The back wall has crumbled beneath the weight of its arms, the roof seems to groan from the horror of being head up only by three walls.
A ghost flits through the large empty room at the front, the front door still stands but the wall around shows strain. The ghost places a kiss to the doorjamb and then floats up into the rafters as is has done every night.
The kids have stopped coming, their empty bottles, old comics and long lost blankets litter the floor, the wind tangles leaves within the folds and creases.
Time has not forgotten this place.
Who says the weather listens to the earth’s call?
The earth cries out for water yet the weather does not give it. the weather cries out for water and yet the earth has none to give. The wind blows the dry dirt through the dying trees. It calls for something more from the weather above it and yet the weather doesn’t answer. The sun burns holes in the earth as the earth cries out in pain. The children of the earth lay down in despair.
The weather looks to the stars and cries their pardon. The earth looks to the stars and cries their pardon. The stars look to the earth and shed tears. The tears fall through skies and lands and winds but the stars tears cannot heal the land.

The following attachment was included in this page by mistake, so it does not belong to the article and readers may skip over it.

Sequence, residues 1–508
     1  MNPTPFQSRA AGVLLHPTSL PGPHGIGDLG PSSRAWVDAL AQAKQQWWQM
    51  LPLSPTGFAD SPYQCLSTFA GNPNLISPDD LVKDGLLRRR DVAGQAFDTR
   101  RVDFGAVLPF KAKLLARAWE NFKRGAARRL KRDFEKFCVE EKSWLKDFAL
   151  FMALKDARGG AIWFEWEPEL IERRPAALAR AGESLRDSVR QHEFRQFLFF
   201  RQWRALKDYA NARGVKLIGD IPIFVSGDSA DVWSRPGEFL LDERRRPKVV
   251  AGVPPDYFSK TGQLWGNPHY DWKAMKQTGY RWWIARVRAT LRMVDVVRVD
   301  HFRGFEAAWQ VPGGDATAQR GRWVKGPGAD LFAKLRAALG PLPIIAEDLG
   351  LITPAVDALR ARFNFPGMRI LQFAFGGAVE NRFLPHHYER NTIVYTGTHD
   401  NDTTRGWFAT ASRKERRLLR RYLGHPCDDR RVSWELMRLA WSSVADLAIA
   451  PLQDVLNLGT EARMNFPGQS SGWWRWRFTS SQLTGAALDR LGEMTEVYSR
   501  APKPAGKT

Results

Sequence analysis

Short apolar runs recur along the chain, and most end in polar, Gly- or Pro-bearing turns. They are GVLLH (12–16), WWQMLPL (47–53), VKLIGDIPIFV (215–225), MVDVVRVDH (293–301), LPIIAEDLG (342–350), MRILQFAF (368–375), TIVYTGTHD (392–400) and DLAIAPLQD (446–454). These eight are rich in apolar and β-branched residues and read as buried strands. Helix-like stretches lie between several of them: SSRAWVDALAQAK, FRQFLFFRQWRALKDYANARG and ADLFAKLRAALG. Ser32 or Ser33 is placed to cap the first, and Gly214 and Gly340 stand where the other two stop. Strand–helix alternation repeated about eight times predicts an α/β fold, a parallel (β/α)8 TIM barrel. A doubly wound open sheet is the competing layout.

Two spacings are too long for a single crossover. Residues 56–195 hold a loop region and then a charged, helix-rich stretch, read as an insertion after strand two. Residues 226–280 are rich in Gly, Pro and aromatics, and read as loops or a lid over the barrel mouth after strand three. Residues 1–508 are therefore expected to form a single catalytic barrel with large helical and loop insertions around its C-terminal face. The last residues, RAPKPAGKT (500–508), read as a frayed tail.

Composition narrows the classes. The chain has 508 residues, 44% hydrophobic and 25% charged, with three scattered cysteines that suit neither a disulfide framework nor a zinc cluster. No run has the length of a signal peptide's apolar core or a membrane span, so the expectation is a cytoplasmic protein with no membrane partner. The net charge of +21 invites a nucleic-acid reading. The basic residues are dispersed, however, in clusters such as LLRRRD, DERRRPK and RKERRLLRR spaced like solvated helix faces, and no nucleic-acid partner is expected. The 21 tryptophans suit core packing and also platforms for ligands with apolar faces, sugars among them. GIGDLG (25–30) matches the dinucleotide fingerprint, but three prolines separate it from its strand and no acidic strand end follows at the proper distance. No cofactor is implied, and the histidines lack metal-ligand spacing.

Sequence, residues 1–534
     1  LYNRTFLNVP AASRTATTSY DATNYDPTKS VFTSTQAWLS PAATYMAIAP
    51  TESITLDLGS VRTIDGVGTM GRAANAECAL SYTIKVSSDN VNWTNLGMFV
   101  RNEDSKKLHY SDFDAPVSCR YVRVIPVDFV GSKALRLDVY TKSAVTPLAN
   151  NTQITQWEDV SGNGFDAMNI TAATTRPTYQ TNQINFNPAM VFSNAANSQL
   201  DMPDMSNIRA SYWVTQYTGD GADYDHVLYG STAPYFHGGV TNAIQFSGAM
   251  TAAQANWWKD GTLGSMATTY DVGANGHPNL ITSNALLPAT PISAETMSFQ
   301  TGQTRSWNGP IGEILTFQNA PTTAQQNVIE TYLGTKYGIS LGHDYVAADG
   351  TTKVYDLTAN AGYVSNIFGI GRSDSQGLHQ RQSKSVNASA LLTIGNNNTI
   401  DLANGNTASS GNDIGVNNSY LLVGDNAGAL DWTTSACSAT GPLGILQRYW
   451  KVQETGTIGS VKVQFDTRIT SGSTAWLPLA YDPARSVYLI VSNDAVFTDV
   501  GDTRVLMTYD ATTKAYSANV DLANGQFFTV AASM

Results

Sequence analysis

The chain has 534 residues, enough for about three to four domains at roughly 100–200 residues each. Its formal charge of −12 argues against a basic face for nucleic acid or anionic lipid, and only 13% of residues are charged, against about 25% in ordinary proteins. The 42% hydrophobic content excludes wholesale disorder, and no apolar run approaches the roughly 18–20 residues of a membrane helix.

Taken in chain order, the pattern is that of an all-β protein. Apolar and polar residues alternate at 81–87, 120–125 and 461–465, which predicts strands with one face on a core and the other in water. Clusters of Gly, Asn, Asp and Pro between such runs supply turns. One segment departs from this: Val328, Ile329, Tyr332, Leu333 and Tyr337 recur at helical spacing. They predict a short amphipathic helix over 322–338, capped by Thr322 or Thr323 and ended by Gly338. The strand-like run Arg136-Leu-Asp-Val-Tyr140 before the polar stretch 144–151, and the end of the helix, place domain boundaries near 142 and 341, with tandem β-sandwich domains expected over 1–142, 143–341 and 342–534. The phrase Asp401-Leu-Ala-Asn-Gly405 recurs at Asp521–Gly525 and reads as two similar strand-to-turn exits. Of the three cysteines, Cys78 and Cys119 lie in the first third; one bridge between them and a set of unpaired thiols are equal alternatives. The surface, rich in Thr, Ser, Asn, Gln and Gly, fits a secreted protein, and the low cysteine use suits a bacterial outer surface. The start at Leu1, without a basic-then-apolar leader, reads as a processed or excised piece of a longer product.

I was late. I was always late.
Two am and everyone was finally quiet, I always gave them until at least 1 before I went back to the dorm because I had gotten paired with the partiers of the campus. Well, to be fair, my roommate and I got stuck in the middle of the partiers. Unlike Jake, I had found a way out of that pile of peer pressure and into the library.
But, as always, I was late.
I opened the door, our light was off and I turned it on as I always did. Jake didn’t care, he slept like the dead.
And really, I should have known something was wrong. Because Jake, Jake never shut off the light when I wasn’t there. He almost preferred it on.
I threw my bag on my bed, I had the top bunk, and turned to sit at my desk. Which is when I saw him.
He was set up against his desk, this wicked smile on his face. His eyes weren’t focusing but he was still conscious.
“Jake.” His hand twitched at his side. “Jake!” Eyes rolled in his head. “Jake, jeezus, what did they…” I didn’t care, knelt in from of him and shoved my fingers down his throat.
“Jake, come on.” I could feel him gag, felt the hot sticky mess come up, go over my hand and heard has it plopped on the floor. “You idiot.” Alcohol filled the room. More came up, dots of white, pills of blue, swirls of red.
I pulled my phone from my desk with puke covered hands, hit speaker and dialed 9-1-1. It rang while I shoved my fingers back down his throat.
By the time the guys in blue got into the room, my hand was burning, Jake didn’t have anything left to gag up and my whole world was focused on the fact that Jake was still breathing.
Still breathing with that smile.
That wicked smile on his face.